Can't remember which Facebook friend posted this pic. I've been thinking about writing a blog post on art for most of the year.

The definition of art varies from 'works produced with skill and imagination' through to very subjective statements about recognising it when one sees it.

For a while I've been saying it's an outcome that engages with the expectations of the audience, because I think really good art anticipates your perspective and exceeds it. But then again, this is a subjective statement.

Scott McCloud has an idea that art is any activity that goes beyond what is necessary and provides a kind of additional ornamental 'look at me' sorta outcome. So that flushing the toilet with flourish could be considered art, I guess if I want to really trivialise it.

Anyway, this week I received payment for a video I made to promote my music. There are many music videos that I consider works of art, and they're a genre that fits nicely with McCloud's view of art, but it kinda illustrates for me that one person's marketing is another person's art. Reminding me of the classic debate about the distinction between commercial material and artistic works, which was something I first started thinking seriously about when reading Maxx Barry's book Syrup:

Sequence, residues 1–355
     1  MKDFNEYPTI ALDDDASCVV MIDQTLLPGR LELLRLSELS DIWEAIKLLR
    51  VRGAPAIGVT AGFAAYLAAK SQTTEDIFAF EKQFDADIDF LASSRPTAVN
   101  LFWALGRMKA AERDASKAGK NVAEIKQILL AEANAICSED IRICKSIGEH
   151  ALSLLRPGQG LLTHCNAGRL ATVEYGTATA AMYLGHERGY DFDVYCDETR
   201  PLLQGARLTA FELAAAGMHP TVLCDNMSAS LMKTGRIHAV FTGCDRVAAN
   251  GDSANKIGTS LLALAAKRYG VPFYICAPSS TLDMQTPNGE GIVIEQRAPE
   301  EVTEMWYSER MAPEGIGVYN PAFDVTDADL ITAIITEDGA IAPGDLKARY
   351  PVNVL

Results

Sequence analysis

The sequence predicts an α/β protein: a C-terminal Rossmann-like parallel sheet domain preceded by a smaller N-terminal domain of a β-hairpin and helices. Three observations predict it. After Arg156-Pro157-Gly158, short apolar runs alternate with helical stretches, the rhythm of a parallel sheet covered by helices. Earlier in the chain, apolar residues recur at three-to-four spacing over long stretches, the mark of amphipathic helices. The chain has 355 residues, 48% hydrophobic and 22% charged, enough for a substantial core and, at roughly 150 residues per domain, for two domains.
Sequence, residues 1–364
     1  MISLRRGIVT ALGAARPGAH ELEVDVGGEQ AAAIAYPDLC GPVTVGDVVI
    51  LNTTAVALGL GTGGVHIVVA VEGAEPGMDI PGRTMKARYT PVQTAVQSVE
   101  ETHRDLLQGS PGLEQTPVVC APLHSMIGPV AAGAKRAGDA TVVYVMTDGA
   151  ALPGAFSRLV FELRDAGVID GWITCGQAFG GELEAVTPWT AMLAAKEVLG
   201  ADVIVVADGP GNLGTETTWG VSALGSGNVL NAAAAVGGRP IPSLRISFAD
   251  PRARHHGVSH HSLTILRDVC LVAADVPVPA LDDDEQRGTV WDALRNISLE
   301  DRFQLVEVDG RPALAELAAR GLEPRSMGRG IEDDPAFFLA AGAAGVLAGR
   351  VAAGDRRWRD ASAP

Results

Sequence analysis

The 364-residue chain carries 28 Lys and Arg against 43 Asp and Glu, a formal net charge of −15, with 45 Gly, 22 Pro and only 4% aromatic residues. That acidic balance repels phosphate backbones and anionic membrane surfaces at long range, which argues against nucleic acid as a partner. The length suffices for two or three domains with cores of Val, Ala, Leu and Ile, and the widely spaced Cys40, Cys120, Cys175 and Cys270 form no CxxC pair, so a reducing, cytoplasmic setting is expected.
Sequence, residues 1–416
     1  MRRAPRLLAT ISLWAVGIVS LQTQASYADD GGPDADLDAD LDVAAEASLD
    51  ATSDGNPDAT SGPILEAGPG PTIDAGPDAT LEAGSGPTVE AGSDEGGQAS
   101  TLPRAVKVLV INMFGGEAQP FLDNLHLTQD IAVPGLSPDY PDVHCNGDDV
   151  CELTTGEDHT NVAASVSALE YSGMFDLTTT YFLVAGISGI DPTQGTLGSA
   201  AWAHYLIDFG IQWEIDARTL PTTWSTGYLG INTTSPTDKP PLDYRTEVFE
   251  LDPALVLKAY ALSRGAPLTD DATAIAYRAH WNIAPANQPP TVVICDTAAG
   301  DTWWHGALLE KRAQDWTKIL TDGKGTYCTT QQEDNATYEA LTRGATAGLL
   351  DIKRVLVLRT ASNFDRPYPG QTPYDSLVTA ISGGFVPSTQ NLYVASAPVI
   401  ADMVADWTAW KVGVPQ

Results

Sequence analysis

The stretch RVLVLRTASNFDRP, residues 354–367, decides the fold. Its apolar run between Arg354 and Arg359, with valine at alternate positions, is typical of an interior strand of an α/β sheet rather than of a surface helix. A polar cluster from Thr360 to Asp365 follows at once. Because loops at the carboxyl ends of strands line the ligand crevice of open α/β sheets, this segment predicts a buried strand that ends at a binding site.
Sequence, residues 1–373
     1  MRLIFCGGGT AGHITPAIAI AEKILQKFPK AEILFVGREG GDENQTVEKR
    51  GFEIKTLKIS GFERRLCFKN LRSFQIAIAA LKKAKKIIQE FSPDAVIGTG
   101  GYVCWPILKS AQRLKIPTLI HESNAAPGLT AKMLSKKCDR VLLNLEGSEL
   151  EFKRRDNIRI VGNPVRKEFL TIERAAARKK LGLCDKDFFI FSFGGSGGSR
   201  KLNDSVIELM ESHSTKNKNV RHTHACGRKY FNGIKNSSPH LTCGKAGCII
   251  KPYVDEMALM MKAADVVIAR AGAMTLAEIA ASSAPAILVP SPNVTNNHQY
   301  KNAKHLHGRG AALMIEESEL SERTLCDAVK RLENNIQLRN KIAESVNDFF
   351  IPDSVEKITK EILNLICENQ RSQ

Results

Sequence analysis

It reminds me of when I was writing about music and realised there is no distinction between mainstream and underground acts. They both produce musical noises, on record and live on stage, promoting the former with the latter and film clips, etc.

So once you deconstruct this distinction between art and commercial activity, all art starts to look like products and artists' expressions are acts of public relations and marketing. Or the artist might be the product, whatever.

Which leads me to conclude that the only art worth investing in are those works which inspire the community to make their own art and find fulfillment through realising an individual perspective on their environment and experiences. The rest of it props up egos and basically says your activities are only valuable if they produce a financial outcome.